What is the difference between GWT.create(SomeClass.class) and new SomeClass()?

Why would you use one over the other?


GWT.create is used by the GWT compiler for deferred binding. Deferred binding is a feature of the GWT compiler that works by generating many versions of code at compile time, only one of which needs to be loaded by a particular client during bootstrapping at runtime.

You should only use the GWT.create for those cases that depend on this specific use case. For example when creating a RPC class: (MyServiceAsync)GWT.create(MyService.class). In all other cases use new.

For more information check the GWT page on Deferred binding: http://code.google.com/webtoolkit/doc/latest/DevGuideCodingBasicsDeferred.html

  • 2
    Thanks for that - so (in the basic case) if the implementation doesn't change for different locale/browsers, use new, if there will be multiple implementations use create. – RodeoClown Feb 11 '10 at 23:11
  • Actually you can use GWT.create when not using deferred binding as well. The GWT compiler will translate that to the new operator if a deferred binding rule is not found. That's useful when creating a lib or component with extension points to be used later by other developers. – Gilberto Torrezan May 20 '15 at 21:36

GWT.create employs deferred binding work to around for the lack of reflection support.

According to the FAQ:

Deferred Binding is Google Web Toolkit's answer to Java reflection.

It's easiest to explain Deferred Binding by starting with a use case. Every web browser has its own idiosyncrasies, usually lots of them. (The sheer unmanageable number of them is the problem GWT was created to solve in the first place.) The standard Java way of dealing with idiosyncrasies would be to encapsulate the custom code into subclasses, with one subclass for each supported browser. At runtime, the application would use reflection and dynamic classloading to select the appropriate subclass for the current environment, load the class, create an instance, and then use that instance as the service provider for the duration of the program.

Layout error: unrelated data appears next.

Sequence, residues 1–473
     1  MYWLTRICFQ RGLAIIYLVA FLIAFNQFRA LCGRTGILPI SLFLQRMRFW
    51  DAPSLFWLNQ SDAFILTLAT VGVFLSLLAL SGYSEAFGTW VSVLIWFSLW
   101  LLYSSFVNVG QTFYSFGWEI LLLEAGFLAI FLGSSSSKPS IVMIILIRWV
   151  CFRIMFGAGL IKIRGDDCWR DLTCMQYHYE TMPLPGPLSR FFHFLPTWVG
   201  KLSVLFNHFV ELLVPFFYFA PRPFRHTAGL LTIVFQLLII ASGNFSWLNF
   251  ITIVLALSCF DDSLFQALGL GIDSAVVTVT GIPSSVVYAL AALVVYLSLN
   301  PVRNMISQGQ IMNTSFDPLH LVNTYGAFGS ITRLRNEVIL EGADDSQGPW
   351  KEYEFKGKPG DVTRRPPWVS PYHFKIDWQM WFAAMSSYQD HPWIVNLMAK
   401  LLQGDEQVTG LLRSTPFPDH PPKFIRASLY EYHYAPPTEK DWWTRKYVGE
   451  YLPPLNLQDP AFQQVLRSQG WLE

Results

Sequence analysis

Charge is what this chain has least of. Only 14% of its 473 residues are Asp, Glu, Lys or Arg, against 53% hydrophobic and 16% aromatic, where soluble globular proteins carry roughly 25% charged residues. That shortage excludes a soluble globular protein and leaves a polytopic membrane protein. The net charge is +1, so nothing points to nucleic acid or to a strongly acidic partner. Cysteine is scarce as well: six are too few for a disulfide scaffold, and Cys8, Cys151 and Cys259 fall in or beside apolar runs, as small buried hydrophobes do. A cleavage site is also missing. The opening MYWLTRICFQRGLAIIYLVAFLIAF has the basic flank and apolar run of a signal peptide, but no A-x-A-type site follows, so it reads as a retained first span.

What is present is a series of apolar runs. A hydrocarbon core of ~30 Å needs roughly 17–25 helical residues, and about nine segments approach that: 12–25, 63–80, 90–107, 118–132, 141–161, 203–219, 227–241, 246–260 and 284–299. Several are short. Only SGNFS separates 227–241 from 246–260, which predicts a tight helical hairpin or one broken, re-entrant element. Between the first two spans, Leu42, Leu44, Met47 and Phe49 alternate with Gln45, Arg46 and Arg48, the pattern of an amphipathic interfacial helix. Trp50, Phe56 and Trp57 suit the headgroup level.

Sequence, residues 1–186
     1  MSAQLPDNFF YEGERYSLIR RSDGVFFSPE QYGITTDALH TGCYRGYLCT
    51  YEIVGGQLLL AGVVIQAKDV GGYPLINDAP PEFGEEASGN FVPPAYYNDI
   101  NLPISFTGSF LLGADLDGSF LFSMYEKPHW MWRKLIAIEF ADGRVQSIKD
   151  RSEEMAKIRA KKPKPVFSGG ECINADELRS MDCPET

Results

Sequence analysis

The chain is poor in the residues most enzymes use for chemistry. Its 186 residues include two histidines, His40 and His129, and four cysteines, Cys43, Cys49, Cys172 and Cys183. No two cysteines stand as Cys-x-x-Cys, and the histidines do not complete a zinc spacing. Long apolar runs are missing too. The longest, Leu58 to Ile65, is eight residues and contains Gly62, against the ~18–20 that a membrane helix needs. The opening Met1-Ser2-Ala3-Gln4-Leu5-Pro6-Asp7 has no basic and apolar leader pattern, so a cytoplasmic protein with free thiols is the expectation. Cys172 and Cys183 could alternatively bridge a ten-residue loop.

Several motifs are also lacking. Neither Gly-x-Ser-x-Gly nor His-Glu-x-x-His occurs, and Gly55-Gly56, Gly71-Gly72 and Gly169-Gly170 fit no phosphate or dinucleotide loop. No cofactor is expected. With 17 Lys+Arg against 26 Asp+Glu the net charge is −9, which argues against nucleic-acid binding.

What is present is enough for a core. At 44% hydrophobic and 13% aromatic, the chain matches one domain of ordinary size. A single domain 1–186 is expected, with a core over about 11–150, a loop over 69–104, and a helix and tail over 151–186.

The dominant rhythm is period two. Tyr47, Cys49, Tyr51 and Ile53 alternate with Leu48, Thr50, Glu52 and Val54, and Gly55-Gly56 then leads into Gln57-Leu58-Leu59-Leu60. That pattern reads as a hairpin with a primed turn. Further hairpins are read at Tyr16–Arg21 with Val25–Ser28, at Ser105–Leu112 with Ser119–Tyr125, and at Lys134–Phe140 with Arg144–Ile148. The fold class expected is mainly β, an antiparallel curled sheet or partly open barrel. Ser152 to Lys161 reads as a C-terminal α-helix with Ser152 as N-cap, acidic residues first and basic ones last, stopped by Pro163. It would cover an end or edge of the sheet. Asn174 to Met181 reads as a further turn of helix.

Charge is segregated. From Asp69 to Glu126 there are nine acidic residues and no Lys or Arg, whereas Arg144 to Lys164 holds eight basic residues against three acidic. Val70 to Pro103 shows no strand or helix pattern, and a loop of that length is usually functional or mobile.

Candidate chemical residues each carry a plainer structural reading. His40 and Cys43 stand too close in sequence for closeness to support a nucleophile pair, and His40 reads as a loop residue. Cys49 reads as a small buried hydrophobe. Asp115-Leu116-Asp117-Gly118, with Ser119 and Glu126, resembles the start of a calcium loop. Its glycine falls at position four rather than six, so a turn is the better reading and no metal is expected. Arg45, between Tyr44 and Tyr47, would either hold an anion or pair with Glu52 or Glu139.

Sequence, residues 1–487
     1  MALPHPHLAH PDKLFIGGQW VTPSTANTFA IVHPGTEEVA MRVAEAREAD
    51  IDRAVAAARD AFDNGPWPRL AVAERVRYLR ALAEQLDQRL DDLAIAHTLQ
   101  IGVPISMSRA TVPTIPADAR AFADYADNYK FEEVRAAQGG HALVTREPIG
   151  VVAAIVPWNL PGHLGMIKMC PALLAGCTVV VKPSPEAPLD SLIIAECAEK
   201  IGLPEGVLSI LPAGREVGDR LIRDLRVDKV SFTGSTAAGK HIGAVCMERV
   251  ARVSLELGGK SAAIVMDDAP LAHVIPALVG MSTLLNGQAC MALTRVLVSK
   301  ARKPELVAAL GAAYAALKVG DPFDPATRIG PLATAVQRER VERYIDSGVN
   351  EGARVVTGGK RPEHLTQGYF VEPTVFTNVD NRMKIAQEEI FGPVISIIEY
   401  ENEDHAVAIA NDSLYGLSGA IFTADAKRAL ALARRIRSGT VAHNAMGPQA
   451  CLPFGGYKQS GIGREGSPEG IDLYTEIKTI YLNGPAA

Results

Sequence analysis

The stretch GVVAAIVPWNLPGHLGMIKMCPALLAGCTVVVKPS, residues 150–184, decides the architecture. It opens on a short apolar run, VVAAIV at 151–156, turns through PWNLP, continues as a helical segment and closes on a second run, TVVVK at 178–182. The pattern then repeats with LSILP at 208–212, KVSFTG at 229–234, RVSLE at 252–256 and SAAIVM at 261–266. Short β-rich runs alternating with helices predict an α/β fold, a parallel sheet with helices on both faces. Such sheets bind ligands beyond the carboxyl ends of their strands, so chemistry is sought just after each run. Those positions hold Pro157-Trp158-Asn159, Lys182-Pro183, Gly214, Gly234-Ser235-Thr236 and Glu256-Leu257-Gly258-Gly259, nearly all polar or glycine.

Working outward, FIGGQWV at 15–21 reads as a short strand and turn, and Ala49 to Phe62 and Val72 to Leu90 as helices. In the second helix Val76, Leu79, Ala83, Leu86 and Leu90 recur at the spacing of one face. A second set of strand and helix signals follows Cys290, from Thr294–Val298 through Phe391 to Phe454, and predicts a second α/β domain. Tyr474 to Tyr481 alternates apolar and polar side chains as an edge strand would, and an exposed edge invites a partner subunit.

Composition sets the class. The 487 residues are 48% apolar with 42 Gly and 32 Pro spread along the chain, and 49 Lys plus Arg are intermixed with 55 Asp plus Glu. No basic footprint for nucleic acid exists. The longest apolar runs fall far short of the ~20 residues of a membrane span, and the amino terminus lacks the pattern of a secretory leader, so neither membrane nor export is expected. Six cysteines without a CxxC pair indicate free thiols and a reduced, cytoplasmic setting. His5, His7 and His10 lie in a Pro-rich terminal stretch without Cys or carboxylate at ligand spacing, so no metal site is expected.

This is indeed what GWT does. However, the JavaScript environment in which GWT applications ultimately run simply does not support dynamic classloading (also known as dynamic binding.) You can certainly include code to support each browser in your generated JavaScript code, but to do so you must include support for all browsers is in the single application file. Why should an Opera user have to download code specific to Firefox, when there is no chance at all that she will ever need it?

Because dynamic binding is unavailable as a technique to GWT, GWT instead uses deferred binding. One way to think of this is as "dynamic class-loading that occurs at compile time instead of execution time." When the GWT Compiler compiles your Java application, it determines all the different "idiosyncrasies" that it must support, and generates a separate, tightly streamlined version of the application for that specific configuration. For example, it generates a different version of the application file for Firefox than it does for Opera.

  • Not only that, but most frameworks that rely on code generation (not only to bypass the lack of reflection) use the GWT.create method. – Gilberto Torrezan May 20 '15 at 21:33

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